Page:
Similarly to Estonia, you won’t find an abundance of street food in Latvia (maybe because winters are very cold) but there are some local snacks you just have to try with the most famous one being piragi. Piragi consists of buns filled with bacon and chopped onion. You can find this snack at street food stalls or in some of the local bakeries.
This snack is similar to Latvia’s piragi except this pastry uses mutton instead of bacon that makes this pastry less greasy but it adds a nice texture. Definitely, a must-try when visiting Lithuania.
If you’re ever wondering around Kyiv and see a very long queue in front of something that looks like a small Soviet-style shop, it’s probably because of perepichka. Perepichka is a popular snack that originates from the Ukrainian capital and the best way to describe it is as the ‘Ukrainian version of hot-dog’. Perepichka consists of fried dough with a sausage inside. I know it sounds very simple but it’s one of the tastiest street food snacks in Europe.
Sirniki, Russia, Ukraine, and Belarus
Sirniki is a pastry that looks like a mini-pancake filled with cottage cheese, sour cream, and sugar topped with either jam or honey. It has a dough-like mixture, goes very nice with a cup of coffee and can be eaten as both, breakfast and dessert. It’s equally popular in Russia, Ukraine, and Belarus.
Pirozhki, Russia & Ukraine
Pirozhki is arguably the most popular street food snack in the former Soviet Block. It comes in two varieties- baked and deep-fried but both are equally delicious. Most pirozhki are salty but you can even find some sweet ones. The most common fillings include ground meat, mushrooms, mashed potato, scallions, or cabbage.
Originating from Crimea, Chebureki is the Tatar version of burek. This greasy, deep-fried turnover has a crescent shape and is usually filled with minced meat and onions. However, because of its popularity in the Caucasus, Central Asia, and Eastern Europe alike, you can find a lot of variations in different parts of the world.
Located at the border between Europe and Asia, Georgia’s cuisine offers the best from both worlds and this list of best street food in Europe wouldn’t be complete without at least one Georgian street food. Our choice is khachapuri or as locals call it ‘Georgian pizza’. It’s basically a cheese-filled bread (if you didn’t know Georgia is famous for its cheese among other things) topped with an egg. It’s eaten and beloved in all former Soviet countries and in parts of Eastern Europe too.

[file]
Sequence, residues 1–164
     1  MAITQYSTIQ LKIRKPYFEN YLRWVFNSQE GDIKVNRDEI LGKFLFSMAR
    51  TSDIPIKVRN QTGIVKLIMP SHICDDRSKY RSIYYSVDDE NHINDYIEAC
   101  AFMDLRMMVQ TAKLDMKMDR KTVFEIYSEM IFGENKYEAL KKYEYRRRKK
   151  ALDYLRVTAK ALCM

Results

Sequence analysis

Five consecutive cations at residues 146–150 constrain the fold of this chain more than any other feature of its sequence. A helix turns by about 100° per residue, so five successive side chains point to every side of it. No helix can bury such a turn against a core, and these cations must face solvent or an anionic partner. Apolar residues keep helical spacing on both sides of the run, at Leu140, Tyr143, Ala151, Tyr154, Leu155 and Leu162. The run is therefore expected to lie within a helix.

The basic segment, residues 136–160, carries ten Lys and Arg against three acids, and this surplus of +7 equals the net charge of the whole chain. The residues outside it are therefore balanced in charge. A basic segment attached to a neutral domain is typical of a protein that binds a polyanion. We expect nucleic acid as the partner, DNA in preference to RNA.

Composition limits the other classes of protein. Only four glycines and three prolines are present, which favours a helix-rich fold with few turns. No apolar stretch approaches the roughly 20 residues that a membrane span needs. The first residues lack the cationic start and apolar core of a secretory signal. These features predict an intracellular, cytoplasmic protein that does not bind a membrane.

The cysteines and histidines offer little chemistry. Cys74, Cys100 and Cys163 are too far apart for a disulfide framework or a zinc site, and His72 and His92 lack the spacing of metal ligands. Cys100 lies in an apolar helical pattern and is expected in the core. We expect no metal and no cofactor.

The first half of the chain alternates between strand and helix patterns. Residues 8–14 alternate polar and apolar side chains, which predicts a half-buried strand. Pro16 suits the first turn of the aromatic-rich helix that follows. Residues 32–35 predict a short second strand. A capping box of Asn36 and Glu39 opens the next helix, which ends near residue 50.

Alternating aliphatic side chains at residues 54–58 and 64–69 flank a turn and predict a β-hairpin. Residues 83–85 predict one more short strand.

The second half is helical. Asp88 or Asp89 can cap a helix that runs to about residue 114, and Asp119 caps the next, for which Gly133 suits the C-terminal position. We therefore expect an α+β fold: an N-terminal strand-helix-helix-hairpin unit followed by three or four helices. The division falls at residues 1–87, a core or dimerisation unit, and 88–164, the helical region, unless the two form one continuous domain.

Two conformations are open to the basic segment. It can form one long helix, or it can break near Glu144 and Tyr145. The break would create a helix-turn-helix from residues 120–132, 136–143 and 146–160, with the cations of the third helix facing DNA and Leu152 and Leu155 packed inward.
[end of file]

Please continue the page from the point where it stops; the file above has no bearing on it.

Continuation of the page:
If I have to describe simit, I would say it’s a bagel topped with sesame seeds. It’s usually consumed as a substitute for bread but a lot of people have it just like that or with a cup of tea. You can find simit sellers at practically every street around Turkey.
Doner is a special type of kebab cooked on a vertical rotisserie similar to a gyro. The meat is cooked slowly for hours and always served warm with fresh vegetables and finger-licking home-made sauces. No wonder it has become a dish locals can’t leave without not only in Turkey but on the Balkans, Central Europe, and Germany too.
Gozleme is a simple, savory street food snack and a nice go-to option if you’re looking for a quick and cheap bite. It’s basically a thin-dough pancake-like pastry filled with minced meat and vegetables. Try eating only one, I dare you!
Locals call it Turkish pizza and I think that, having the cultural differences and the fact that Turkey is the ultimate melting pot of European and Asian cuisines in mind, I’d say the description is fair. Lahmacun is super-easy to prepare; all you have to do is make a really thin dough, top it with minced meat, onions, red peppers, and some other optional vegetables, bake it for a few minutes, and serve it. It’s a real hit in Turkey and becoming increasingly popular on the Balkan too which is why we just couldn’t leave it out from this list of the best street food in Europe.
If you visit Greece, you’ll inevitably notice street food vendors grilling meat and selling meat on a stick. That’s souvlaki; the Greek version of the shish-kebab. This delicious snack consists of pork, lamb or chicken meat and sometimes vegetables cut into squares and grilled to perfection. It’s usually served with pita bread or French fries.
Gyro is the Greek counterpart of the doner. The meat is cooked on a vertical spit, sliced in tiny pieces, and accompanied with a lot of fresh, Mediterranean vegetables. The only difference is that some variations of gyro consist of pork meat and are topped with delicious tzatziki sauce.
Bulgaria’s most popular breakfast is the ultimate mix between a pie and a burek. The most common filling is cheese even though you can also find it with spinach, egg, meat or even sweet milk. I know this might sound weird for some but this delicious pastry tastes even better with a glass of salty yogurt or the Turkish version of it, ayran.
This list of best street food in Europe included Italian pizza, Georgian pizza, Turkish pizza, and finally, Macedonian pizza (this is the last one, I promise). Every city has its own variation of pastramajlija (good luck pronouncing that) but none can compare to the one you would get in Stip, the city this dish originates from. This tasty treat consists of an oval-shaped dough topped with sliced pork, chicken or beef cubes, and melted cheese, served with a local pickled chili pepper.
Simit Pogaca, Macedonia
I know two dishes for such a small country might be too much considering the rich street food scene in Europe but no trip to Macedonia is complete without simit pogaca. Locals describe this delicious snack as bread inside a bread and even though it sounds bizarre, it’s taste. Simit pogaca is basically a relatively greasy salty pastry stuffed inside a bun. You can find it anywhere around Skopje’s Old Bazar but for a real treat, head to Cair where you can have an original 18th-century-style simit prepared on a wooden furnace.